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How the government continually violates the constitution (with normal operating procedures).

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posted on May, 22 2010 @ 09:02 PM
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Let's forget about our civil liberties for a second. Okay, no don't forget about them. People will constantly say that our civil liberties are being violated and that lots of laws go against the constitution. That is true. But let's talk about what else is being violated in the US constitution. I want to present a case in this topic that the constitution is being violated all the time- and people aren't doing anything about it.

People will ask time and time again why congress isn't doing anything. People will wonder why the executive branch is screwing up our economy. They'll wonder why the executive branch is running us into deeper and deeper in debt. Almost every Government class I've had my professors and teachers have always taught me about delegated powers, and, how congress delegates its powers to someone else. Congress has no authority to delegate its powers to an agency outside of it or to some other branch of government.

We're taught that because of the new deal the functions of government has changed and now the government can regulate the economy over and over. Now the executive branch with its many agencies are controlling the economy like with the department of transportation, the department of education, the department of agriculture, the department of labor, and so on. We're also told that we need these independent agencies like the federal reserve, and the FCC, and, these other agencies to be outside the 3 branches of government to be free of the political process.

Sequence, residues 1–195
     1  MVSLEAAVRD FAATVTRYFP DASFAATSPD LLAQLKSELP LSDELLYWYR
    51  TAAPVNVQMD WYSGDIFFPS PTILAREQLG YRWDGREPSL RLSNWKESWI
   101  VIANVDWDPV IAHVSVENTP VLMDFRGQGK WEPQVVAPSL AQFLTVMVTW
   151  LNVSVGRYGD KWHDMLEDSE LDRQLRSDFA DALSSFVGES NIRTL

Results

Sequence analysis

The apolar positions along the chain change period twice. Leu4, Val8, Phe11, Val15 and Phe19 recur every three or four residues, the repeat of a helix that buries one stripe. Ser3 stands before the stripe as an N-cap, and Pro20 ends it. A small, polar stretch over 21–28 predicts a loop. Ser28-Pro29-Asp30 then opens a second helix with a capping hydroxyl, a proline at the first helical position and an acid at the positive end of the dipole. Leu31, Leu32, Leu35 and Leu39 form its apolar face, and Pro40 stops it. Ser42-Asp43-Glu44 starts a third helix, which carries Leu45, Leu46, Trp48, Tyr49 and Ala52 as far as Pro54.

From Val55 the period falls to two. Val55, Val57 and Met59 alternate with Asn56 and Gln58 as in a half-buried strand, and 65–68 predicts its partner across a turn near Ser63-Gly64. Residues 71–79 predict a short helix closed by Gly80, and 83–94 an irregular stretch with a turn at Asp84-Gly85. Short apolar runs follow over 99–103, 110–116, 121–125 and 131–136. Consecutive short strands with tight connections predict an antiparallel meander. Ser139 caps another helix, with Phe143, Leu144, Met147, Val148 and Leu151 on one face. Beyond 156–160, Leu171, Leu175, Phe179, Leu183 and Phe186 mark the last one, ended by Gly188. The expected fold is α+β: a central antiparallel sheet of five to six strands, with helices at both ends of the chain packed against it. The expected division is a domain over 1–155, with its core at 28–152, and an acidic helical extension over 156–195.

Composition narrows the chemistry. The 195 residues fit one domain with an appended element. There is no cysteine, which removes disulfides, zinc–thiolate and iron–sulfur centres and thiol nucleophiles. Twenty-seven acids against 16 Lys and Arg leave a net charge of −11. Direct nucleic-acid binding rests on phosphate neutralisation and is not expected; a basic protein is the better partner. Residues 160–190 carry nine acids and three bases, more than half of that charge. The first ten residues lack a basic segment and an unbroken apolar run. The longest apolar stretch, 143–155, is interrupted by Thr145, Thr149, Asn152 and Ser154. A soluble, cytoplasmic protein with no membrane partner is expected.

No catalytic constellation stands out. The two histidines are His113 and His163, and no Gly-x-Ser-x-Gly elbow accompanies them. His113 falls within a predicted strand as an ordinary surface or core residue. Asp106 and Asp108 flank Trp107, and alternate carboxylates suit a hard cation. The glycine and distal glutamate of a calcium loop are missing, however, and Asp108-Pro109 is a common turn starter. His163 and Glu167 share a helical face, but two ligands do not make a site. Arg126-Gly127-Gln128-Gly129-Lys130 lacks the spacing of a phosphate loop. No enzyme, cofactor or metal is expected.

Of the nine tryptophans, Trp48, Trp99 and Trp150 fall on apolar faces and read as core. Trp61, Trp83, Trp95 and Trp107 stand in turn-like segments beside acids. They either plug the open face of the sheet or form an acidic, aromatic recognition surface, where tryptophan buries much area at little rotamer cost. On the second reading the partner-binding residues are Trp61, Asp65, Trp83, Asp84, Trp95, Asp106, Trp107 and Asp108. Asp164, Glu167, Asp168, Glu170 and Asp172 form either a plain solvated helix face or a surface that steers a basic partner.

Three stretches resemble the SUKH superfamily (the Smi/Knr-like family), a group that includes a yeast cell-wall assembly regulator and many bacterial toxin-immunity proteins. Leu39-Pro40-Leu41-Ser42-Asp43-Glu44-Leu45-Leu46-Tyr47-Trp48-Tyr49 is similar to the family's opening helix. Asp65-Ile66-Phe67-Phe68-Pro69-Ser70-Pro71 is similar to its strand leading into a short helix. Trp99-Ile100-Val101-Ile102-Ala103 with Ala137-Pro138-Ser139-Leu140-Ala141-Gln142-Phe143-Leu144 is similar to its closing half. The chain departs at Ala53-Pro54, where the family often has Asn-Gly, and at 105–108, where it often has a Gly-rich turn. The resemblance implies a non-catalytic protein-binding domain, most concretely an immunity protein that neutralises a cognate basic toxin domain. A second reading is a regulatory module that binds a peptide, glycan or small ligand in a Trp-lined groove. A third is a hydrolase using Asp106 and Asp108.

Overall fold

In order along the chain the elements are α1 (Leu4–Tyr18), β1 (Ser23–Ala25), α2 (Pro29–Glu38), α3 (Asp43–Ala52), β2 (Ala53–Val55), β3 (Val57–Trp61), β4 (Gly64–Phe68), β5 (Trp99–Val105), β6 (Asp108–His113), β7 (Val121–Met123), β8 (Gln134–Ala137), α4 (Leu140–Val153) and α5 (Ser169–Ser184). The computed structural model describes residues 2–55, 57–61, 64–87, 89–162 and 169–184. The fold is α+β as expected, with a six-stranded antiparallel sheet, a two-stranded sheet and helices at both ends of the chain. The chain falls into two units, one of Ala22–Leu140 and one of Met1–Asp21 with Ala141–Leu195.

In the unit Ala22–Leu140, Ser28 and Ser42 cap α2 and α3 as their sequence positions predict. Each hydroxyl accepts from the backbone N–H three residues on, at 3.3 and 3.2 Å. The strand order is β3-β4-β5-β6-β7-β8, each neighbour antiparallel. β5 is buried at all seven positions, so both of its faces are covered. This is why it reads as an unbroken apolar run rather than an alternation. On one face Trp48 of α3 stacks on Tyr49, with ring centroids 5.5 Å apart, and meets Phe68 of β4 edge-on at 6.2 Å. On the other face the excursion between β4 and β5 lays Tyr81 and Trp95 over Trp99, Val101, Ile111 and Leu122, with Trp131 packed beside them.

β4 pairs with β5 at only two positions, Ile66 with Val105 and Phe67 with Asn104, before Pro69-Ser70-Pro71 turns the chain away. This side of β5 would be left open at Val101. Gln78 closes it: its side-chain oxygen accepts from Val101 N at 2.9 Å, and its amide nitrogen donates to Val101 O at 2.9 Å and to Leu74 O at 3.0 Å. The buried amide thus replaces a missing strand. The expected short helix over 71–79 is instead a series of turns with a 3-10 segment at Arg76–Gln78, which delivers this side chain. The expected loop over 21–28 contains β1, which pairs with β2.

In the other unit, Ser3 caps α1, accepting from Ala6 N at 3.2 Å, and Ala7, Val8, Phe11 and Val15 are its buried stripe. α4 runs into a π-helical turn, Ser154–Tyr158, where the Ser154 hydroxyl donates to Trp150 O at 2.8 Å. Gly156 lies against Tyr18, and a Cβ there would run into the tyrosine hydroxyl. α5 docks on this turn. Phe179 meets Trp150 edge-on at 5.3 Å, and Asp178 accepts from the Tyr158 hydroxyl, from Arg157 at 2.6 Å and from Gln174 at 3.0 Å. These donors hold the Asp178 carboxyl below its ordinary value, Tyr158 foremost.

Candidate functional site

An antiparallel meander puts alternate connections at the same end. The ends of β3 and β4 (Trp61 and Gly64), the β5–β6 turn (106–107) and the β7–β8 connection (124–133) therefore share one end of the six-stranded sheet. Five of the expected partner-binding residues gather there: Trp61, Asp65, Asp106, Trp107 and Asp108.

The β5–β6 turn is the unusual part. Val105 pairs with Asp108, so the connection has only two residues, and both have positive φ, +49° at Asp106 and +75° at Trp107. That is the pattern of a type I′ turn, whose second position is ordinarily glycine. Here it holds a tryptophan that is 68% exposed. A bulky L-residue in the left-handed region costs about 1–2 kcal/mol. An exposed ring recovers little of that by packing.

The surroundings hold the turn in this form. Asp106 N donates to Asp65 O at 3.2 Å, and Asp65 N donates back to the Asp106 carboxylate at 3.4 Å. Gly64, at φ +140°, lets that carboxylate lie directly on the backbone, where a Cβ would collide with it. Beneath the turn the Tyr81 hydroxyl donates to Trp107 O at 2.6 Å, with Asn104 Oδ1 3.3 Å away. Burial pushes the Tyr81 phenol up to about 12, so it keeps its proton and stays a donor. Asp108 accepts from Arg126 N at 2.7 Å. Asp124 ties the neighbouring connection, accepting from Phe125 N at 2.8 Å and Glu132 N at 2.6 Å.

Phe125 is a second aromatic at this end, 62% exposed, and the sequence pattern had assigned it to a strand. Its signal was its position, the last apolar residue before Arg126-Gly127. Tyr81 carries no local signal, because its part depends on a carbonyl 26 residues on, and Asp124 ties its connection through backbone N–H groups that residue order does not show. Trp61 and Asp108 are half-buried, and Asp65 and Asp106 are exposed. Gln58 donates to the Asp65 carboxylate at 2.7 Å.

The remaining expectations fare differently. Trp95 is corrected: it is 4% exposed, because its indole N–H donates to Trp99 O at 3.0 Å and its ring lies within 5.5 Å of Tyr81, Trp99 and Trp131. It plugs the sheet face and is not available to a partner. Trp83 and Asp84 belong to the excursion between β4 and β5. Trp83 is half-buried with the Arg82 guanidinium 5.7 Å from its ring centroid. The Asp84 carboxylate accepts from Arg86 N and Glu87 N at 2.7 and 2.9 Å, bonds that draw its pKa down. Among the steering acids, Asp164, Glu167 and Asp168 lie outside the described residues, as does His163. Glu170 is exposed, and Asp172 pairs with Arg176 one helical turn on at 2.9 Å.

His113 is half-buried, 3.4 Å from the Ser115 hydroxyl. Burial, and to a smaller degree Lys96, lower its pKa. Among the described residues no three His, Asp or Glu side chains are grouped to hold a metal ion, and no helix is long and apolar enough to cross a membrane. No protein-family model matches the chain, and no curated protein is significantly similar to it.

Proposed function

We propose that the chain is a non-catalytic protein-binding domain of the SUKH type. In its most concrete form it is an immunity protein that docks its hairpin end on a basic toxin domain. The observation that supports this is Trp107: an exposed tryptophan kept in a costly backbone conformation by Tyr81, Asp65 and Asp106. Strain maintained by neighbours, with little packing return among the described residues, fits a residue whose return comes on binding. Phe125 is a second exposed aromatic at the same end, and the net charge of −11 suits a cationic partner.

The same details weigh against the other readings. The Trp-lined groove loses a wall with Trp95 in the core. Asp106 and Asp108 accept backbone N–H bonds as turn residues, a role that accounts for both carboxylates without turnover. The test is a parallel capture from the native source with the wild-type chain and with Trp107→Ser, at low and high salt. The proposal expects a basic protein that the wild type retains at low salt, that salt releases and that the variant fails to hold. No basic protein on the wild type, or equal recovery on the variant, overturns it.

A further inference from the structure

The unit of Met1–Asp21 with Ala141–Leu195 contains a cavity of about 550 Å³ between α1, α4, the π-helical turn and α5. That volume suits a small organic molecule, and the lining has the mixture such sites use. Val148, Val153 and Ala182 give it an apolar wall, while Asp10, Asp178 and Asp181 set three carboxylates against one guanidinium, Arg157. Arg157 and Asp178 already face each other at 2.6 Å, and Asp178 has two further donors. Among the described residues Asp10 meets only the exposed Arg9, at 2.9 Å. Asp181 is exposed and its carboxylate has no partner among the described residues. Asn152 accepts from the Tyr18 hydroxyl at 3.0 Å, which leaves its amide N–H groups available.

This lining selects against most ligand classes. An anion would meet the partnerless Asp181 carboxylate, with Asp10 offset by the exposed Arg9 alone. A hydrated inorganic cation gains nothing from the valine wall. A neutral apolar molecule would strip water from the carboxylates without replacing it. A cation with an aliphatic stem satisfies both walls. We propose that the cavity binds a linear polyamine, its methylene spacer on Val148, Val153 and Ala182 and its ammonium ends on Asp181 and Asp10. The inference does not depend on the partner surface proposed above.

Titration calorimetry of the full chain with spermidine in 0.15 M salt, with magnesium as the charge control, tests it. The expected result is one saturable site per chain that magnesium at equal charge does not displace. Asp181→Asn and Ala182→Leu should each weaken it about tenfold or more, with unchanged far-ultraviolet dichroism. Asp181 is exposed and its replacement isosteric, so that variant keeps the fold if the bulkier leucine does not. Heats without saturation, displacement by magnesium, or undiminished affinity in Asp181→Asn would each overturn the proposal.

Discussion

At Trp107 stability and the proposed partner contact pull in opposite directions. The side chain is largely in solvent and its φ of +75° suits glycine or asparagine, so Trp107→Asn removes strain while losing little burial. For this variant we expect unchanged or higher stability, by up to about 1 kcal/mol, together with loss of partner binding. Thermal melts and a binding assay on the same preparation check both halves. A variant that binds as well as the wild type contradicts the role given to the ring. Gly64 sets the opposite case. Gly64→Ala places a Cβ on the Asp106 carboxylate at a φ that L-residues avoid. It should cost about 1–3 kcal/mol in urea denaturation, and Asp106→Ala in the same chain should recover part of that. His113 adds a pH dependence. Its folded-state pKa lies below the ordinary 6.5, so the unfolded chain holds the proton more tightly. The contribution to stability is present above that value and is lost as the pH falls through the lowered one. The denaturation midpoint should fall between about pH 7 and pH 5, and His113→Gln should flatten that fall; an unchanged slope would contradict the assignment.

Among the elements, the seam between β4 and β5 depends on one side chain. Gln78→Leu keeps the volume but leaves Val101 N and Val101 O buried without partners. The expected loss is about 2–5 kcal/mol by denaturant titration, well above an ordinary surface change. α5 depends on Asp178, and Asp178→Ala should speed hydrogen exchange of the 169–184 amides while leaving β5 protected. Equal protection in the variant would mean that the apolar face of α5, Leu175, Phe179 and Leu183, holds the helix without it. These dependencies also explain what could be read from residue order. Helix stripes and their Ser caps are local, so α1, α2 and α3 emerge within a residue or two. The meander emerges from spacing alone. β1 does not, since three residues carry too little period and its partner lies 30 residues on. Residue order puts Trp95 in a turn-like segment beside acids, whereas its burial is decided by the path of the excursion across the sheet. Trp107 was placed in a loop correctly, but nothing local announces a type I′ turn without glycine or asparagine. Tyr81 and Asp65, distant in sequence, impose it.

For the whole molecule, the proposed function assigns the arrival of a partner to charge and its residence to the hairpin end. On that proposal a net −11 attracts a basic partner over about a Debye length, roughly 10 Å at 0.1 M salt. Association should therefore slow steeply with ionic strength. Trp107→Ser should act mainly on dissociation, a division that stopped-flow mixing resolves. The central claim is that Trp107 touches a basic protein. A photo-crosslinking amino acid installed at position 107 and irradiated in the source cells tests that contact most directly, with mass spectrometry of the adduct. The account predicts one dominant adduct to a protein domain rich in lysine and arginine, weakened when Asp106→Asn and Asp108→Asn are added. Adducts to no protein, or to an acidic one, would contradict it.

We're also told that because of the necessary and proper clause of the constitution allows the government to increase its size and scope to do anything. That is not true. The necessary and proper clause only allows it to carry out its functions ascribed by the constitution.

Many people also talk about the idea that the bill of rights are just simply a bill of privileges. Just how is it that people seem to think this? Are the bill of rights really privileges? They don't know about article 6 of the US constitution- which makes every law that's passed by the federal government and the constitution supreme of the law of the land itself.

Some people seem to think that states can deny individual citizens certain portions of the bill of rights through incorporation. They think that the bill of rights aren't really that important.

Is this really the way it's supposed to be? I've already laid to you the claims that many people make about the constitution and how they think the way we're operating is normal operating procedure. I'll show sections of the constitution which help me prove that the US constitution is continually being violated, and, many of the claims about it aren't really true and they're made by people who just would want an efficient government, and that they think the constitution would get in the way.

I'm probably going to need multiple posts to do this... so bear out with me on this.


Section 8.

The Congress shall have power to lay and collect taxes, duties, imposts and excises, to pay the debts and provide for the common defense and general welfare of the United States; but all duties, imposts and excises shall be uniform throughout the United States;

To borrow money on the credit of the United States;

To regulate commerce with foreign nations, and among the several states, and with the Indian tribes;

To establish a uniform rule of naturalization, and uniform laws on the subject of bankruptcies throughout the United States;

To coin money, regulate the value thereof, and of foreign coin, and fix the standard of weights and measures;

To provide for the punishment of counterfeiting the securities and current coin of the United States;

To establish post offices and post roads;

To promote the progress of science and useful arts, by securing for limited times to authors and inventors the exclusive right to their respective writings and discoveries;

To constitute tribunals inferior to the Supreme Court;

To define and punish piracies and felonies committed on the high seas, and offenses against the law of nations;

To declare war, grant letters of marque and reprisal, and make rules concerning captures on land and water;

To raise and support armies, but no appropriation of money to that use shall be for a longer term than two years;